-- dbg_log is an sproc that writes a log message to a dedicated table in the
                 -- PDM transfer database. This was meant to help me in debugging, but it turned out
                 -- less helpful than I had hoped.
                 SET @tmp = 'ProjektXFR - '+@projektnummer+' ('+ @vorgang+')';
                 EXEC dbg_log @tmp;

                 -- The maximum length of various VARCHAR fields in the ERP database
         -- is longer than the corresponding fields in the PDM database.
         -- In order to prevent errors, we explicitly check the fields, and
         -- if any of them are too long, we truncate them manually and emit
         -- a log message.

                 IF DATALENGTH(@projektnummer) > 40
                     BEGIN
                         SET @LOGMSG = 'Projektnummer "'+
                         @projektnummer+'" ist zu lang: '+CAST(
                         DATALENGTH(@projektnummer) AS VARCHAR(100));
                         EXEC dbg_log
                              @LOGMSG;
                     END;

                 IF DATALENGTH(@vorgang) > 40
                     BEGIN
                         SET @LOGMSG = 'Vorgangsart "'+@vorgang+
                         '" ist zu lang: '+CAST(DATALENGTH(@vorgang)
                         AS VARCHAR(100));
                         EXEC dbg_log
                              @LOGMSG;
                     END;

                 IF DATALENGTH(@kurztext) > 40
                     BEGIN
                         SET @LOGMSG = 'Kurztext "'+@kurztext+
                         '" ist zu lang: '+CAST(DATALENGTH(@kurztext)
                         AS VARCHAR(100));
                         EXEC dbg_log
                              @LOGMSG;
                     END;

                 IF DATALENGTH(@vertreter) > 40
                     BEGIN
                         SET @LOGMSG = 'Vertreter "'+@vertreter+
                         '" ist zu lang: '+CAST(DATALENGTH(
                         @vertreter) AS VARCHAR(100));
                         EXEC dbg_log
                              @LOGMSG;
                     END;

                 IF DATALENGTH(@status) > 40
                     BEGIN
                         SET @LOGMSG = 'Status "'+@status+
                         '" ist zu lang: '+CAST(DATALENGTH(@status) AS
                         VARCHAR(100));
                         EXEC dbg_log
                              @LOGMSG;
                     END;

                 IF DATALENGTH(@kunde) > 40
                     BEGIN
                         SET @LOGMSG = 'Kunde "'+@kunde+
                         '" ist zu lang: '+CAST(DATALENGTH(@kunde) AS
                         VARCHAR(100));
                         EXEC dbg_log
                              @LOGMSG;
                     END;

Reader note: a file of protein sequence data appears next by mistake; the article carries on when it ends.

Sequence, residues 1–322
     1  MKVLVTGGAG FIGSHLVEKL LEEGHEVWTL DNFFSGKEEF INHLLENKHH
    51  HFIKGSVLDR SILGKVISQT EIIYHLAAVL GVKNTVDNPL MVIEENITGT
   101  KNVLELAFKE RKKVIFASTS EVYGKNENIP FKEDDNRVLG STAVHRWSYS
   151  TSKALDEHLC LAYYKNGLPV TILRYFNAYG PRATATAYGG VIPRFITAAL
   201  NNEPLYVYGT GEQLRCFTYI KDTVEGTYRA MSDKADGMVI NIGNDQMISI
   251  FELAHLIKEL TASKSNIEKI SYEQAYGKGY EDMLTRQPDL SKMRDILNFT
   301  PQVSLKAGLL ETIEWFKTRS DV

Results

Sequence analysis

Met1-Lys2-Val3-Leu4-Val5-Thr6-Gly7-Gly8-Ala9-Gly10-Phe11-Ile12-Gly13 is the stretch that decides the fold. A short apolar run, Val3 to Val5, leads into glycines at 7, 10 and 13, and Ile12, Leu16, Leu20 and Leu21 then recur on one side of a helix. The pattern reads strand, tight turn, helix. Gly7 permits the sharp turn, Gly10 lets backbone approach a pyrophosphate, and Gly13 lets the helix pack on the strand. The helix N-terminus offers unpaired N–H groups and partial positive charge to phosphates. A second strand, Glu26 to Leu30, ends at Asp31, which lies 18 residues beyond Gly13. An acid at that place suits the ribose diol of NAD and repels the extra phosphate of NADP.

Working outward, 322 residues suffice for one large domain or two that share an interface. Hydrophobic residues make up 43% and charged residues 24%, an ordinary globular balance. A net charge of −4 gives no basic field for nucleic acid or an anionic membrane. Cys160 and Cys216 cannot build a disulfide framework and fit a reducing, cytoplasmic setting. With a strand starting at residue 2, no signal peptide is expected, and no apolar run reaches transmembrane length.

IF DATALENGTH(@kunde2) > 40
                     BEGIN
                         SET @LOGMSG = 'Kunde2 "'+@kunde2+
                         '" ist zu lang: '+CAST(DATALENGTH(@kunde2) AS
                         VARCHAR(100));
                         EXEC dbg_log
                              @LOGMSG;
                     END;

                 IF DATALENGTH(@anschrift) > 40
                     BEGIN
                         SET @LOGMSG = 'Anschrift "'+@anschrift+
                         '" ist zu lang: '+CAST(DATALENGTH(
                         @anschrift) AS VARCHAR(100));
                         EXEC dbg_log
                              @LOGMSG;
                     END;

                 IF DATALENGTH(@ort) > 40
                     BEGIN
                         SET @LOGMSG = 'Ort "'+@ort+'" ist zu lang: '+
                         CAST(DATALENGTH(@ort) AS VARCHAR(100));
                         EXEC dbg_log
                              @LOGMSG;
                     END;

                 IF DATALENGTH(@telefon) > 40
                     BEGIN
                         SET @LOGMSG = 'Telefonnummer "'+@telefon+
                         '" ist zu lang: '+CAST(DATALENGTH(@telefon)
                         AS VARCHAR(100));
                         EXEC dbg_log
                              @LOGMSG;
                     END;

                 IF DATALENGTH(@fax) > 40
                     BEGIN
                         SET @LOGMSG = 'Faxnummer "'+@fax+
                         '" ist zu lang: '+CAST(DATALENGTH(@fax) AS
                         VARCHAR(100));
                         EXEC dbg_log
                              @LOGMSG;
                     END;

                 INSERT INTO TransferERPPRofile.dbo.TransferToPROFILEProject
                 (MessageType,
                  IDENT,
                  DESC1,
                  RESP_USER,
                  CREATE_DATE,
                  CUSTOMER_NO,
                  PROJECT_STATUS,
                  CUSTOMER_NAME,
                  CUSTOMER_SHORTNAME,
                  CUSTOMER_STREET,
                  CUSTOMER_TOWN,
                  CUSTOMER_TEL,
                  CUSTOMER_FAX,
                  COST_CENTER
                 )
                 VALUES
                 (@vorgang,
                  @projektnummer,
                  @kurztext,
                  @vertreter,
                  @anlagedatum,
                  @kundennummer,
                  @status,